Frequently Asked Questions
Do you have questions? We've compiled some of the most common ones we get into this one page.
Do heat pumps work in colder climates?
Heat pumps absolutely work in cold climates. Not only that, but often they are the most energy efficient and cost effective solution available. A few decades ago, most heat pumps stopped working when the temperature dropped below 20 or 30 degrees fahrenheit. By contrast, today’s heat pumps can run more efficiently than any other HVAC system all the way down to about -25 fahrenheit. Just ask the millions of homeowners in Scandinavia. People in Norway, Finland and Sweden are installing heat pumps at a faster pace than anywhere else in Europe.
In colder climates, a potential hurdle to installing heat pumps is home insulation. You may want to get a blower door test to determine how much heat you are leaking from your home.
Electric Vehicles (EVs)
Are EVs really lower emission, even with a dirty grid?
Based off of information from the EPA's page on electric vehicles, here's the short answer:
Electric vehicles almost always have a smaller carbon footprint than gasoline cars, even when accounting for the electricity used for charging, and even if your grid is very carbon intensive, like coal.
The longer answer: Electric vehicles (EVs) have no tailpipe emissions. Generating the electricity used to charge EVs, however, may create carbon pollution. The amount varies widely based on how local power is generated, e.g., using coal or natural gas, which emit carbon pollution, versus renewable resources like wind or solar, which do not. Even accounting for these electricity emissions, research shows that an EV is typically responsible for lower levels of greenhouse gases (GHGs) than an average new gasoline car. As more renewable energy generation is brought online (or if you charge your car using your own solar panels) the total GHGs associated with EVs could be even lower.
If that sounds confusing, think about it this way: a gas car runs completely off of gasoline, and doesn't even burn it that efficiently. We already have some renewables (which have no emissions) and a large fossil fuel power plant can convert more of that chemical energy into usable electricity, rather than heat.
EPA and DOE’s Beyond Tailpipe Emissions Calculator can help you estimate the greenhouse gas emissions associated with charging and driving an EV or a plug-in hybrid electric vehicle (PHEV) where you live. You can select an EV or PHEV model and type in your zip code to see the CO2 emissions and how they stack up against those associated with a gasoline car.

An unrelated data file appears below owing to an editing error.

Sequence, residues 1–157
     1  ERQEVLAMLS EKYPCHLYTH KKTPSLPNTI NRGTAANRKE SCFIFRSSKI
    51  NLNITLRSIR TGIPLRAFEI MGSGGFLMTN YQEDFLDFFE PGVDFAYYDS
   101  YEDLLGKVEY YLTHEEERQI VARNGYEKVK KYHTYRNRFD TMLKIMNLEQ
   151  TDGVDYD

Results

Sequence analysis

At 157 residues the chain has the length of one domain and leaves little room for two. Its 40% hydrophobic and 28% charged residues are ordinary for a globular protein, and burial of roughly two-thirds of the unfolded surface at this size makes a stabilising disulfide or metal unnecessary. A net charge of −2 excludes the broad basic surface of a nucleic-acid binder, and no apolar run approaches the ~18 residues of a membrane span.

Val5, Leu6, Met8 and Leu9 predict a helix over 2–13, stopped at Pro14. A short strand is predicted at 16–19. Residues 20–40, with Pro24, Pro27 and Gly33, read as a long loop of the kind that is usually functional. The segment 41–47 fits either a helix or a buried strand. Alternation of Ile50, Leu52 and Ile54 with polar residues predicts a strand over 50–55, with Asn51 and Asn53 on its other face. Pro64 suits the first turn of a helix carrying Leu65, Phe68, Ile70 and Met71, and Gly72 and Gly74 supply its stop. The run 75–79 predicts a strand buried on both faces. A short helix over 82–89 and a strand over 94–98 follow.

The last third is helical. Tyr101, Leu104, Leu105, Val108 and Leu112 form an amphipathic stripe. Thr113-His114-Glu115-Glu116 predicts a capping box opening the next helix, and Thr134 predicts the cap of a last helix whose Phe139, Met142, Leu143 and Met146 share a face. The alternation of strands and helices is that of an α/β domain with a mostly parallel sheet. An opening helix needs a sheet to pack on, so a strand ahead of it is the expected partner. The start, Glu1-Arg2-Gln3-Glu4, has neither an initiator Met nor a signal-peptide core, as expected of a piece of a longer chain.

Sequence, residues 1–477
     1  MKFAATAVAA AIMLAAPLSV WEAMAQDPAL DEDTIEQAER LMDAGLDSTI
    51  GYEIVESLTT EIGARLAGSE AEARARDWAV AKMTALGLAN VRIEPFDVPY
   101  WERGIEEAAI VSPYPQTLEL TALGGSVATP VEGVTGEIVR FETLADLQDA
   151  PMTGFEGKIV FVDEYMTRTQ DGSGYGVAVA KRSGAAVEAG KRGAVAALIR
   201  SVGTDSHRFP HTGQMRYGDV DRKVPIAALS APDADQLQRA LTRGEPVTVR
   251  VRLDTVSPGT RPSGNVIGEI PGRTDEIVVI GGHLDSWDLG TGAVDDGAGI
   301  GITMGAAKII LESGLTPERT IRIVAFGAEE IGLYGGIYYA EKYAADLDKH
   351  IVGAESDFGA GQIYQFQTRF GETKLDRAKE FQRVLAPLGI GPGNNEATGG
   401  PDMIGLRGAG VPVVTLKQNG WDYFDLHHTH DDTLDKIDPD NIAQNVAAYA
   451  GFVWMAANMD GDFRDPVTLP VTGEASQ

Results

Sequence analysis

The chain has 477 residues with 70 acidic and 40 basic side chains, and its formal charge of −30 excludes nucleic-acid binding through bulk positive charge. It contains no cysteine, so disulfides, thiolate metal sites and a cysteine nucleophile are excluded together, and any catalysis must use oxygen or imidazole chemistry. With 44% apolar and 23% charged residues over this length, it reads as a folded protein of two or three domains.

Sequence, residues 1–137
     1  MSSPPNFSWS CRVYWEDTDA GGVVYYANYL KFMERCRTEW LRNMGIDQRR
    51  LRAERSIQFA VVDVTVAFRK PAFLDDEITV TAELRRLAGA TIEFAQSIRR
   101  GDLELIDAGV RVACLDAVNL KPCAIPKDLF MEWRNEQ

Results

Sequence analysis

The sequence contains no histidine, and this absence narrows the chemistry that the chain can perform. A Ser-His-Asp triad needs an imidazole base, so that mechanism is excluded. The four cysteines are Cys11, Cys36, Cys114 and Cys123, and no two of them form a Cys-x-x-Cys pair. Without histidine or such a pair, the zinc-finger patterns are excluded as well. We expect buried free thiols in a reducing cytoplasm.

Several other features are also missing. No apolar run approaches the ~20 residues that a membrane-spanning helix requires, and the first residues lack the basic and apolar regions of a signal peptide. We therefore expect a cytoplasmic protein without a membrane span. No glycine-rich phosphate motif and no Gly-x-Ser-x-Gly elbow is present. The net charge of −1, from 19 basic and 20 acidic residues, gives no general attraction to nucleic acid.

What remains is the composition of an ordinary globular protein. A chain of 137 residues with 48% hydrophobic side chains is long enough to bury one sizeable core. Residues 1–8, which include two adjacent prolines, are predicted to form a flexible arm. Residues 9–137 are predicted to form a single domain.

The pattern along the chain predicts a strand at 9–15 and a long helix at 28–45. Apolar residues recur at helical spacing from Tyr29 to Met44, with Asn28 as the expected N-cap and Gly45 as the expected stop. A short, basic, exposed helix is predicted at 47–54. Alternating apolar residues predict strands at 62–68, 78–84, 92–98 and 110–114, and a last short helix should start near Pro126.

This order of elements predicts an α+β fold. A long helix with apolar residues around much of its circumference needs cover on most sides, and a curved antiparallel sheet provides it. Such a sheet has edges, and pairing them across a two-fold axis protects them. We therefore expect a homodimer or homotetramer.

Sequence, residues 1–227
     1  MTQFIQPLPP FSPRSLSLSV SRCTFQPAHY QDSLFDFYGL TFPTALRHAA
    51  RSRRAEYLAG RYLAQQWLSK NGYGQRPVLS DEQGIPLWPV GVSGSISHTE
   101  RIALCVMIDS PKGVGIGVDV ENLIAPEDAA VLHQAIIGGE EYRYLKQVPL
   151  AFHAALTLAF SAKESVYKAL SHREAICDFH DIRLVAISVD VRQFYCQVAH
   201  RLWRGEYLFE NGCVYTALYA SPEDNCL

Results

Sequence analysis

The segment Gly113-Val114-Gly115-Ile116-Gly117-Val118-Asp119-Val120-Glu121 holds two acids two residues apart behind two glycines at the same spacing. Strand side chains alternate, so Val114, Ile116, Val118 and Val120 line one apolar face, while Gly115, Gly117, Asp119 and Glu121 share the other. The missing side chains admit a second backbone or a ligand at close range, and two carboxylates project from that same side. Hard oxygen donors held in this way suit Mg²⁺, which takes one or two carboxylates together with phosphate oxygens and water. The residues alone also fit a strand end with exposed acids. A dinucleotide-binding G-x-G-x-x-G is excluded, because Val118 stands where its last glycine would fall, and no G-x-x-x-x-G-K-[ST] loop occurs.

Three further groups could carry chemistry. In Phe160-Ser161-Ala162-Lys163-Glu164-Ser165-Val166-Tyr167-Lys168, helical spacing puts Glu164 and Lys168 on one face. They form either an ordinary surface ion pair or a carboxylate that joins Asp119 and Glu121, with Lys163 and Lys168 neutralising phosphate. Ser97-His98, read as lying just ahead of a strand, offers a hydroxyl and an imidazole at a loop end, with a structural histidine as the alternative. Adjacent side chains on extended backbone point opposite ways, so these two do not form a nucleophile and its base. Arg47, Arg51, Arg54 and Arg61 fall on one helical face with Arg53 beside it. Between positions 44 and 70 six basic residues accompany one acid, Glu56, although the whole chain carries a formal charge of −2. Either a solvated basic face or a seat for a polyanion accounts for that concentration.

How long does it take to charge an EV?
This one is a bit complicated, but most new EVs support fast-charging at public charging stations, which (at the highest speeds of 250kW) can get most EVs to 80% in around a half hour.
Learn more from Tom's Guide - EV Charging Explained.
Why are EVs so expensive?
EVs require large battery packs, particularly if you are looking for a very long range. However, it's worth keeping in mind that an electric vehicle has lower fuel costs (electricity per mile is generally cheaper than gasoline) and lower maintenance costs, since electric vehicles are much simpler mechanically speaking and have lower brake wear due to regenerative braking.
Learn more from Consumers Energy - EV Cost of Ownership.
Do we have enough Lithium to make all these EVs?
This is also complex, but ultimately speaking there is enough Lithium on the planet to meet our EV needs, but we're going to have to rapidly ramp up Lithium exctraction to meet our needs.
But are electric cars really the best climate transporation solution?
In short, no, but they are a big part of the solution. Electric cars and trucks require a lot of minerals and energy to manufacture, consume a lot of energy per mile due to their weight. In dense urban and suburban areas, we should work towards moving away from cars towards trains, buses, biking, and walking, which are much more energy resource efficient. However, as we mentioned before, an electric car is basically always better emissions wise than a gas car.
As an example, an ebike (let's say Gazelle Ultimate T10) may have a 500 Wh battery (0.5 kWh) that gives it a 25 mile range, or 50 miles per kWh. Meanwhile the Tesla Model 3, one of the most efficient EVs out right now, gets around 4.2 miles per kWh, making thee-bike 12 times more energy efficient! This does not even take into account the signifcantly reduced material cost and manufacturing emissions of making a 50 pound e-bike compared to a 4,048 lb electric car with at least 100 times the battery capacity (54 kWh).